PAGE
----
In the end, I decided to go home the longer way through Santa Cruz. While it is more miles, it kept moving and was an uneventful drive.

Biggest Surprise #1

Bib number innovations.

After 20 years of races with the same basic bib number, two races in a month have totally changed it up.

First, the Santa Rosa Marathon had vertically aligned (and massive) wine-barrel shaped bib numbers.

Now, Skyline to the Sea 50k has the smallest, littlest bib numbers ever.

This makes sense. We no longer need the pull-off tabs for timing, we don’t need our names on our bibs for trail races since no one is cheering for us.

A number on one side, timing chip on the other. Very utilitarian.

I love the subtle detail of including the color flags we follow on the upper right corner (it’s maybe too subtle if you didn’t know what you were looking at). On the trail, we follow various color flags marking the course. For us today, we followed the pink flags, then did a loop marked in orange, then back to pink for the finish.

If runners forget what color they should follow, they only need to look at their bib number.

Biggest Surprise #2


It’s been a long time since I had a legit swag bag at a race. I expect a shirt. Maybe a medal. Road races may have a few promo items or a bag of some new snack or another.


A shirt and medal. A wooden finishers coaster. Full bag of granola and an Orange Mud ‘transition towel’ with the race logo (a towel that can be used as a changing room or hooked over your car seat), all in a race-branded tote bag.


Did I Meet Goals?

Yes, I did match my nail polish to my outfit, why do you ask?

My time was 7:09. I’m really happy with that.

As is often the case, the 40-year-old ladies age group was one of the largest with 41 finishers (I was 14th in the age group). 229 finishers overall.

I feel like I kept up a fairly consistent pace throughout, only slowed by my fear of tripping. My power walk game was strong on the uphills.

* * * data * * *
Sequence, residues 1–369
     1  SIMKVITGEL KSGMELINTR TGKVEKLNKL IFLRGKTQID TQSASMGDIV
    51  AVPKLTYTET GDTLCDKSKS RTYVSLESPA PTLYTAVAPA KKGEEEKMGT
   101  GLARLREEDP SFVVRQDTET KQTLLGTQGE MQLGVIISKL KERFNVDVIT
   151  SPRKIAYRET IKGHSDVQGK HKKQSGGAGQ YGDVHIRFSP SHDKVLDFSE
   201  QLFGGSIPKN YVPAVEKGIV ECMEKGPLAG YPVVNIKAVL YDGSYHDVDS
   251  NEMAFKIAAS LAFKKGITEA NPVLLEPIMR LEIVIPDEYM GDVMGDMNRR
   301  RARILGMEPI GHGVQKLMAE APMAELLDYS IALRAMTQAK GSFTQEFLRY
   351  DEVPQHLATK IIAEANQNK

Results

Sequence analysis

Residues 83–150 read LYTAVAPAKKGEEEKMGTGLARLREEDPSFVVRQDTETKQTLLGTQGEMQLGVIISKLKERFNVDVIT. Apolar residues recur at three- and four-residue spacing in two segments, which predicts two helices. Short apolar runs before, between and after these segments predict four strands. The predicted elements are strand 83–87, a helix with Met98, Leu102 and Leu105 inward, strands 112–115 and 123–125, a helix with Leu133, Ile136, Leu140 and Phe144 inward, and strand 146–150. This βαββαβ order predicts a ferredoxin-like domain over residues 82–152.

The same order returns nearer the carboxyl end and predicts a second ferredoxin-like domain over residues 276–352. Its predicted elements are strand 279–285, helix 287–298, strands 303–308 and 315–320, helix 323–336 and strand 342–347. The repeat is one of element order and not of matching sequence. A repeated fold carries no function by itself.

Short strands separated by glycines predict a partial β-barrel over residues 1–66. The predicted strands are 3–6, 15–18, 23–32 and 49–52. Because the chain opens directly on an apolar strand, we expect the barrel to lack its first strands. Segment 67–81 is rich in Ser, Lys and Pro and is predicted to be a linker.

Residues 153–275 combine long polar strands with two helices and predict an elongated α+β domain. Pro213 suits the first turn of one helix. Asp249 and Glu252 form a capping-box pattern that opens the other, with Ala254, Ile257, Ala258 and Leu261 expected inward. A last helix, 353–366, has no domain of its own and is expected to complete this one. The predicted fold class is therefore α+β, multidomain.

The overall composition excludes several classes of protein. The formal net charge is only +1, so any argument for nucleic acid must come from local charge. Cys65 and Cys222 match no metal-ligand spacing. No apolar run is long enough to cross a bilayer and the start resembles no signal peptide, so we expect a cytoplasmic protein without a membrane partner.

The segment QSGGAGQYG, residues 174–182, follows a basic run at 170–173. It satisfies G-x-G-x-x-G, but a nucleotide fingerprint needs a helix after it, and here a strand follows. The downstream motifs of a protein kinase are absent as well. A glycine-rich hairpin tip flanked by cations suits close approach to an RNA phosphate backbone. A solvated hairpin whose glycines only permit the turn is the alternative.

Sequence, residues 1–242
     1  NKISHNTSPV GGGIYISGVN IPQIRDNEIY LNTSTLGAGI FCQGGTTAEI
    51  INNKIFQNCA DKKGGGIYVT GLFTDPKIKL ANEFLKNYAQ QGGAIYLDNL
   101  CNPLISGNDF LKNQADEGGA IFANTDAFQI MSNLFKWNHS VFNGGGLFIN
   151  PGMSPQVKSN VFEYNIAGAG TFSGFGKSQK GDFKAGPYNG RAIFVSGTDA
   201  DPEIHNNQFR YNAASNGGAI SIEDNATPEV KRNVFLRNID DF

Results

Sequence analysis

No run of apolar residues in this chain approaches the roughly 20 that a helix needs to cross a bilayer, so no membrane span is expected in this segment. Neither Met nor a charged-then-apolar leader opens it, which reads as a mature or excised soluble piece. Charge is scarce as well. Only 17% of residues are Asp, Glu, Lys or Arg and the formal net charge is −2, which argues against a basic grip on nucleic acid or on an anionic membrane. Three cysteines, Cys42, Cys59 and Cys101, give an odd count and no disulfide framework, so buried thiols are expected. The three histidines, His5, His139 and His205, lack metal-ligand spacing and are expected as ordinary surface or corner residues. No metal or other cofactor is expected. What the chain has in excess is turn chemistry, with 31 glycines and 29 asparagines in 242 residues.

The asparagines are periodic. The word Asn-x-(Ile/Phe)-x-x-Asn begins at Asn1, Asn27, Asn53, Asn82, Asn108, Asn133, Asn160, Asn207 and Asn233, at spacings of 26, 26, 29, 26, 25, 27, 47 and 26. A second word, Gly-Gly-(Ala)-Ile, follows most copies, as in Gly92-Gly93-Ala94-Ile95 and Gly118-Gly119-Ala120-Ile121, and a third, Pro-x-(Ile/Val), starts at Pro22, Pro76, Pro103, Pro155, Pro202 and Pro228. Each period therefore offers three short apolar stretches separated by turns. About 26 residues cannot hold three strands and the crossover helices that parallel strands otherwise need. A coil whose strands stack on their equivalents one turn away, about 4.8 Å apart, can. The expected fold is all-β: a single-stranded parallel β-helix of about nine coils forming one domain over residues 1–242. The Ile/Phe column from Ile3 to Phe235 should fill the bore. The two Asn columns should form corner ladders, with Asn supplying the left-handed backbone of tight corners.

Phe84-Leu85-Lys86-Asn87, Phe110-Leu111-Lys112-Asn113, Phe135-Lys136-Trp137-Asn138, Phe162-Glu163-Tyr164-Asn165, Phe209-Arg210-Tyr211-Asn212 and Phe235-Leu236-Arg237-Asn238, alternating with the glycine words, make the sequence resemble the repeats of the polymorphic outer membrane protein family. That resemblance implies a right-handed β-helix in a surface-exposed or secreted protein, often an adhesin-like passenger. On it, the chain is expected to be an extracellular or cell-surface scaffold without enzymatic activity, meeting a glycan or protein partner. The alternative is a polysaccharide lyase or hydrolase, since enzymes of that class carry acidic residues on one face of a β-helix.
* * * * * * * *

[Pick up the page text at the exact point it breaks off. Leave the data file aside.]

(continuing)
I’m happy with my fueling, sticking pretty close to the schedule of GUs I’d planned out and fueled well at the aid stations.

My Post-Race ‘Treat’

After days of pre-race carbs and cutting back on veggies, I had a strong desire for a salad post-race.


Craving a salad?

Who am I?

(Pizza was consumed not long after the salad… that’s more like the me I know…)

Would I Do This Race Again?

The marathon?

Yes. For sure.

50k? I’d probably stick to the marathon. It’s largely the same course and the extra 50k loop is tough (the most climbing of anywhere on the course), and it doesn’t add a lot to the race scenery-wise.


I’ve known for a long time that the most important night of pre-race sleep isn’t the night before the race, it’s the night before the night before.

This year, I realized the best night of post-race sleep is the night after the night after the race.

While I’m physically exhausted the night after a race, I’m a restless sleeper who shifts a lot in the night. Immediately after a race, every time I shifted around, my sore and achy muscles woke me up. Add in my various chafing and blisters and it wasn’t a very restful night.

The next night? I slept great.

What’s Next?


I have nothing scheduled, but at the last few events I was at (including Skyline) three people independently mentioned how much they liked the Salmon Falls 50k.

In 2020, the race will be on leap day. It could be fun doing a leap day race, but I haven’t committed to anything.